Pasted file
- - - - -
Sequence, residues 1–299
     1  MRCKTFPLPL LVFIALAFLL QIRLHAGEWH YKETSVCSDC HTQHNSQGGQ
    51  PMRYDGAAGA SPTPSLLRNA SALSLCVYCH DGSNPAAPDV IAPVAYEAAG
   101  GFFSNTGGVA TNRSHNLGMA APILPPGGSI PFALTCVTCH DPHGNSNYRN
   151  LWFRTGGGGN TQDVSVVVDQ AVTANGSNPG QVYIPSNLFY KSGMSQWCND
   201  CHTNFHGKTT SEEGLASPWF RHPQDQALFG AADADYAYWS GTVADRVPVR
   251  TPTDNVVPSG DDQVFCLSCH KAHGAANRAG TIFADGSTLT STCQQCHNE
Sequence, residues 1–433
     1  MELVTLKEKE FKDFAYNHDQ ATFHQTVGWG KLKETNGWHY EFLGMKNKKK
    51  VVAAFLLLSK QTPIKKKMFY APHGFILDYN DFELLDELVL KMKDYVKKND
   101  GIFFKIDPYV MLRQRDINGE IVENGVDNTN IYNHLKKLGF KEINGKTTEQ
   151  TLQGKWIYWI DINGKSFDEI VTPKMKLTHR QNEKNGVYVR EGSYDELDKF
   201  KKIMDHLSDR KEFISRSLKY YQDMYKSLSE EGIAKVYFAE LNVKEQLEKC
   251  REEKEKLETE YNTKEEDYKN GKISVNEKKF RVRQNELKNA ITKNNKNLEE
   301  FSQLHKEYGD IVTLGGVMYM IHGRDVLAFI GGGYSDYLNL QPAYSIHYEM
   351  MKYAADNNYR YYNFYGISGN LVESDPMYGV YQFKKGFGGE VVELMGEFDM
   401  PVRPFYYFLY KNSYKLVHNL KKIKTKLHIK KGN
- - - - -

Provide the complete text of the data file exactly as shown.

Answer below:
Sequence, residues 1–299
     1  MRCKTFPLPL LVFIALAFLL QIRLHAGEWH YKETSVCSDC HTQHNSQGGQ
    51  PMRYDGAAGA SPTPSLLRNA SALSLCVYCH DGSNPAAPDV IAPVAYEAAG
   101  GFFSNTGGVA TNRSHNLGMA APILPPGGSI PFALTCVTCH DPHGNSNYRN
   151  LWFRTGGGGN TQDVSVVVDQ AVTANGSNPG QVYIPSNLFY KSGMSQWCND
   201  CHTNFHGKTT SEEGLASPWF RHPQDQALFG AADADYAYWS GTVADRVPVR
   251  TPTDNVVPSG DDQVFCLSCH KAHGAANRAG TIFADGSTLT STCQQCHNE
Sequence, residues 1–433
     1  MELVTLKEKE FKDFAYNHDQ ATFHQTVGWG KLKETNGWHY EFLGMKNKKK
    51  VVAAFLLLSK QTPIKKKMFY APHGFILDYN DFELLDELVL KMKDYVKKND
   101  GIFFKIDPYV MLRQRDINGE IVENGVDNTN IYNHLKKLGF KEINGKTTEQ
   151  TLQGKWIYWI DINGKSFDEI VTPKMKLTHR QNEKNGVYVR EGSYDELDKF
   201  KKIMDHLSDR KEFISRSLKY YQDMYKSLSE EGIAKVYFAE LNVKEQLEKC
   251  REEKEKLETE YNTKEEDYKN GKISVNEKKF RVRQNELKNA ITKNNKNLEE
   301  FSQLHKEYGD IVTLGGVMYM IHGRDVLAFI GGGYSDYLNL QPAYSIHYEM
   351  MKYAADNNYR YYNFYGISGN LVESDPMYGV YQFKKGFGGE VVELMGEFDM
   401  PVRPFYYFLY KNSYKLVHNL KKIKTKLHIK KGN